Disclaimer: This is not a technical article; there will be little mention of “epic floaters,” scores, or even winners. For that information, please click aquí.
After two stuffy hours on a pair of 80-degree accordion buses, I emerged at Sydney’s Avalon Beach and took a breath of… 90-degree air. In scalding 8 a.m. sunshine, I wandered up the hill that overlooked the contest site and stood in the only shade around, which was offered by a stand of weird-looking pine tree relatives. A quick scan of the small crowd: tans, muscles, blond manes, more muscles, dingless boards… Occy? Yes, Occy—at my 11 o’clock, about 10 feet away. I decided I would just chill there for a while and hope to improve my surfing via proximity to legend.
I had woken up at 4:30 in the morning and ventured north for the National Surftag Championships, an event I was told would illustrate Aussie machismo at its finest. Oh yeah, and some damn good surfing.
Australia has these neat organizations called surfriders (or boardriders) clubs. They build community, foster healthy rivalry, and encourage young talent. Mick Fanning, Parko, Adam Melling, Dean Morrison, and Occy (clearly) all surf for clubs. The Surftag contests pit the clubs against each other and the winners walk away with $15,000 and big bragging rights. Here’s what I gather was the basic contest format:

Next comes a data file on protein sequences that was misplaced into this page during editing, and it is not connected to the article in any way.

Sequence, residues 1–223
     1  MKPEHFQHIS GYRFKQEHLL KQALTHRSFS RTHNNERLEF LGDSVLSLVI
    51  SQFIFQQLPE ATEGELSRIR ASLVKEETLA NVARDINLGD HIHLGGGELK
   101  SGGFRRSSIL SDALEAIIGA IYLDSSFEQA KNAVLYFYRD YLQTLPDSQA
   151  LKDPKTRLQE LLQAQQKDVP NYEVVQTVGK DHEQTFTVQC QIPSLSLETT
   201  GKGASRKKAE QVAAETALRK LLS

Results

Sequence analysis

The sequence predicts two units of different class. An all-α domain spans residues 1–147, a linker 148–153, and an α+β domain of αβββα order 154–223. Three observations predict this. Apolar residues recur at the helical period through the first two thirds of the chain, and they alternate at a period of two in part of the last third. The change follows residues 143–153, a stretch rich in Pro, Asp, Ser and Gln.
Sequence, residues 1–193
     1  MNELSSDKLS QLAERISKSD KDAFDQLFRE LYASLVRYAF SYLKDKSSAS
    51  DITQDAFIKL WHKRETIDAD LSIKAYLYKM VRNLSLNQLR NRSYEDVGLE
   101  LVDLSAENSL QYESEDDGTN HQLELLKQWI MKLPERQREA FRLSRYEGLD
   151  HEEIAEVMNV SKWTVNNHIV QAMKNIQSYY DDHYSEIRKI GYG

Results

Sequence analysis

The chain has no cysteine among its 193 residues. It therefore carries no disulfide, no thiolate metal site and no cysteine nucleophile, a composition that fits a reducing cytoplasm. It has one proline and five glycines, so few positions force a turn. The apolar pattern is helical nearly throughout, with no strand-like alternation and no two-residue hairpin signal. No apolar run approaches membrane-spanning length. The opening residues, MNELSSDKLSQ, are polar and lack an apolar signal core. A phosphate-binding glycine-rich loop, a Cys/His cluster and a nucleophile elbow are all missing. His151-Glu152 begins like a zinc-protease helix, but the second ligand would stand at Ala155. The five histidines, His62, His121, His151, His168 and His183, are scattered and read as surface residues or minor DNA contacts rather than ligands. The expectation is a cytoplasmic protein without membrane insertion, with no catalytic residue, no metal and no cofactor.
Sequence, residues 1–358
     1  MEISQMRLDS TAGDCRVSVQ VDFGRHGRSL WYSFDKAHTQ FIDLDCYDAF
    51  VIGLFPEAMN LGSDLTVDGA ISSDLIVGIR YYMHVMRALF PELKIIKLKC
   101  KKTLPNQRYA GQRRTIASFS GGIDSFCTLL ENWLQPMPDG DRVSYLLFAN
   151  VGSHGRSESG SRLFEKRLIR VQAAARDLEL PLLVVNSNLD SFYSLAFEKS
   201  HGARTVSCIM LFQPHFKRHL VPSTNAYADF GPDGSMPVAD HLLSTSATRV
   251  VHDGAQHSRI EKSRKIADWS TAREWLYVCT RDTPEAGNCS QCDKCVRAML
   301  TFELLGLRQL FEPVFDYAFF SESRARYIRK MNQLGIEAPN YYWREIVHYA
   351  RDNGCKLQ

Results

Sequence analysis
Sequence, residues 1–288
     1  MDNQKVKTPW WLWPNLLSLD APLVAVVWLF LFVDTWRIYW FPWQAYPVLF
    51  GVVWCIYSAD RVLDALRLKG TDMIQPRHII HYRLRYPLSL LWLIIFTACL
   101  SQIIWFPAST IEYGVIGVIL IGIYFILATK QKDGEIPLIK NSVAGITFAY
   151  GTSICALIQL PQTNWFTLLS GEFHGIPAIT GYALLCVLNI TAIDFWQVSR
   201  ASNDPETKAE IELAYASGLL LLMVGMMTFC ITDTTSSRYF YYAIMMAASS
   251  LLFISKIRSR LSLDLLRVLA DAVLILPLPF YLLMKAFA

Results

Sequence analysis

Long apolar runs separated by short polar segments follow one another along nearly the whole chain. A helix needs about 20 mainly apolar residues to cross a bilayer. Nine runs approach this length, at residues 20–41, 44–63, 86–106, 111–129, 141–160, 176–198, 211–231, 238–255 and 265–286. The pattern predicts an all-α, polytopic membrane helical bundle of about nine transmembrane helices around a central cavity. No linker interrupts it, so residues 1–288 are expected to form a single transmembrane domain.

- Four relay teams of four surfers competed in hour-long heats.
- Each surfer’s second (and last) wave was whammied (doubled).
- Bonus points were awarded to early finishers.
- That could be completely wrong, but that was the gist of it, I think. I told you this wasn’t going to be technical.
As I continually wiped the sweat from my face, I started talking to the two kids sitting next to me, who were about 12 years old. They said they were from up the street and they were rooting for “North Narra,” they supposed, since Avalon had been knocked out of the comp. When I saw them later, they had Occy signatures on their t-shirts.
It had to be near 100 degrees at 10 or 11 a.m. The Occmeister and I were boiling, even in the shade, so I decided to go for a swim. The sand on that beach was so fucking hot that not only did I burn my feet, I also had a terrifying thought: You could suffer heat exhaustion, collapse in the sand, and by the time anyone reached you, you would have burns all over your body. When I got back to the shade, where Occy was stretching, I heard a guy say, “I think that is the hottest sand I’ve ever felt in my life, and I have walked on some very hot sand.” Meanwhile, the Bronte Blue Ducks were causing a magnificent ruckus, chanting about wanting a ring of death–or something of that nature.
Ninety-eight percent of the people around me were beer-drinking fellas. Occ-o asked his mate for a cold bottle of water before he surfed in the semis. Said friend handed it over. Occy dumped it on his board; the wax was too soft.
I had been taking photos all day, and somewhere around lunchtime, a guy named Matt complimented my camera. As it turned out, he’s a shaper who’s part of the Kirra club, and, uh, he’s friends with “Mark.” He introduced me. I totally played it cool. He said he’d take a picture of us together, if I wanted, but I said, “No, thanks.” I already had one.